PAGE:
- Listen to Your Body: Pay close attention to your body’s hunger and fullness cues. Eat when you’re hungry and stop when you’re satisfied. There are also times when it’s okay to eat when you aren’t physically hungry, or to eat past fullness. Intuitive eating isn’t meant to be another diet or set of rules to follow, and there will always be nuance when it comes to food and eating. If you don’t know where to start, learn more about how to honor your hunger here.
- Choose Nutrient-Dense Foods: Opt for foods that provide essential nutrients for you and your baby. Focus on a balanced diet that includes fruits, vegetables, lean proteins, whole grains, and healthy fats. Gentle nutrition is the tenth principle of intuitive eating, and is a great framework to use when adding foods for nourishment to the foods that you love and enjoy! Learn more here.
- Manage Cravings Mindfully: It’s entirely normal to have food cravings during pregnancy. Intuitive eating encourages you to explore and satisfy these cravings in moderation while staying mindful of your overall nutrition. Learn more about how to eat mindfully and stop eating past fullness here.
- Embrace Gentle Nutrition: Rather than rigid dietary rules, intuitive eating promotes gentle nutrition. This means making food choices that are both nourishing and enjoyable without guilt or restriction. Again, learn more about gentle nutrition for pregnancy here.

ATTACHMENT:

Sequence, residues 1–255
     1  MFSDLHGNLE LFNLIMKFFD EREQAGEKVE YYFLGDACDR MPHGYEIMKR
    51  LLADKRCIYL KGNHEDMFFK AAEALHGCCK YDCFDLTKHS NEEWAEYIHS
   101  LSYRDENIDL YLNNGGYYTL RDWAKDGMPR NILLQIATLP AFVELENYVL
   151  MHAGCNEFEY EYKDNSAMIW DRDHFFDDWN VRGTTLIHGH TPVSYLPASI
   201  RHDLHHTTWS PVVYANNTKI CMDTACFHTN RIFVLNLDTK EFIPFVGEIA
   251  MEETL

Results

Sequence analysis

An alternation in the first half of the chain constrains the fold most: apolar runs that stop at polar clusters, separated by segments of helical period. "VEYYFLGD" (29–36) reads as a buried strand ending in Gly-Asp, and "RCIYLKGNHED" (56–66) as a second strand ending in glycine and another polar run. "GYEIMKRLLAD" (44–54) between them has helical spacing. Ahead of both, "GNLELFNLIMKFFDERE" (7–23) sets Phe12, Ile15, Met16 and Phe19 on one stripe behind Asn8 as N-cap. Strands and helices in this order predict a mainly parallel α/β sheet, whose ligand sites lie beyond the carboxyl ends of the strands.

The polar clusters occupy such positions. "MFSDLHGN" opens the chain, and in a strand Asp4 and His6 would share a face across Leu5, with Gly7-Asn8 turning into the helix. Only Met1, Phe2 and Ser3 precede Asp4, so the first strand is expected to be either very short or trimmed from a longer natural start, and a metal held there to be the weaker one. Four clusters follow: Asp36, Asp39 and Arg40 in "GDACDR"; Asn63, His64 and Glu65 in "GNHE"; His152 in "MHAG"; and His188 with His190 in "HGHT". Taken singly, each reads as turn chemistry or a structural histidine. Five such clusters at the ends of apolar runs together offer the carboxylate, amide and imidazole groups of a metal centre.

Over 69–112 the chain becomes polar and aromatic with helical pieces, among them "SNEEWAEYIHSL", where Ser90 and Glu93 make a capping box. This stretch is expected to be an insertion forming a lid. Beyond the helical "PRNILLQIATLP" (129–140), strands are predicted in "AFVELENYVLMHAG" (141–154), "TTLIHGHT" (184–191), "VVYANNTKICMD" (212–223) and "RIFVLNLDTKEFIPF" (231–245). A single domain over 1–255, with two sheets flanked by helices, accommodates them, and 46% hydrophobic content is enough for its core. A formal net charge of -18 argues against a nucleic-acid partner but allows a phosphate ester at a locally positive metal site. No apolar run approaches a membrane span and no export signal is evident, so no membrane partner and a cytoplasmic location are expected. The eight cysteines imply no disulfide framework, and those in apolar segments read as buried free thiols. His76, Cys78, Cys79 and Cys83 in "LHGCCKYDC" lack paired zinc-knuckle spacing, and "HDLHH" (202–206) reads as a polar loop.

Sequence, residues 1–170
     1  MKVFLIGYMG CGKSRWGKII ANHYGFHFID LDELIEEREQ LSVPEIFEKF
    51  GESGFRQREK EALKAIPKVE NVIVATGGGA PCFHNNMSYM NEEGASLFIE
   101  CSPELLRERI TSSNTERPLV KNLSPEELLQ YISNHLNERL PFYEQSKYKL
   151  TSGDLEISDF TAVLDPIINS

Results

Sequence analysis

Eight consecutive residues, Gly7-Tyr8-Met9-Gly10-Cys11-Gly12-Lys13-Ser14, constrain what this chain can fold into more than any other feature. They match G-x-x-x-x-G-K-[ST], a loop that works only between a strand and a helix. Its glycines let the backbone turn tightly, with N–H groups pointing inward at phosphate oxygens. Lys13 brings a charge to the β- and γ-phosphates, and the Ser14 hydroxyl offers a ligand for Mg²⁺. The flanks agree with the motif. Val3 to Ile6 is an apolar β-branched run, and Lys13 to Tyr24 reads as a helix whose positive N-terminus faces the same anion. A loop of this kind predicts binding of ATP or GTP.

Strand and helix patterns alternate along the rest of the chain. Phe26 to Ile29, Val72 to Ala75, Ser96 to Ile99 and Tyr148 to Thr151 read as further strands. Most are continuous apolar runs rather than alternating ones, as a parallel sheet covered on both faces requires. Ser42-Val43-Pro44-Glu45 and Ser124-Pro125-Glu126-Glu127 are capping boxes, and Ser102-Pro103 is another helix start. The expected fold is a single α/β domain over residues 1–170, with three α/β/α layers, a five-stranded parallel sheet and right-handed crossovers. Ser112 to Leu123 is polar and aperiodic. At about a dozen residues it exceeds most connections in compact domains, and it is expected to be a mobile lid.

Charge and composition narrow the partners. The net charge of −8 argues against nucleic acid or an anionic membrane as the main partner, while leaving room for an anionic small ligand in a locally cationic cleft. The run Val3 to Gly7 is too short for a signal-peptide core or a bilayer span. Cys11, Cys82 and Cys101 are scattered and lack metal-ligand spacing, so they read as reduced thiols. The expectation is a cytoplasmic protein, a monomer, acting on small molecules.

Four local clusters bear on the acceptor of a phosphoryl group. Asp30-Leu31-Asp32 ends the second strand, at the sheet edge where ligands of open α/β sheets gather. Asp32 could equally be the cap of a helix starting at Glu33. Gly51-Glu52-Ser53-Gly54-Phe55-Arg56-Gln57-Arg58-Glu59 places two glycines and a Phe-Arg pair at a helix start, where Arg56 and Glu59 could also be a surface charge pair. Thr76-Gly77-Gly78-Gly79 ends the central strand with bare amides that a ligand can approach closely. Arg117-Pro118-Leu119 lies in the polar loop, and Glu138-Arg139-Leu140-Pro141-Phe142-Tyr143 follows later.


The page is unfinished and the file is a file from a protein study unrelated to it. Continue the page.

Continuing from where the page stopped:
Remember, every pregnancy is unique, and there’s no one-size-fits-all approach or standard when it comes to weight gain and pregnancy. If you have concerns about your weight or your gestational diabetes management, don’t hesitate to reach out to your healthcare provider or a registered dietitian who specializes in gestational diabetes.
The most important thing is to prioritize your health and the health of your baby, and that includes finding a balance that works for you during this beautiful and challenging journey of pregnancy.
To learn more about my services and approach as a Gestational Diabetes Registered Dietitian and Certified Intuitive Eating Counselor, click here to book a free call. We’ll talk more about how I can help you manage your blood sugars, improve your relationship with food, and support a healthy pregnancy!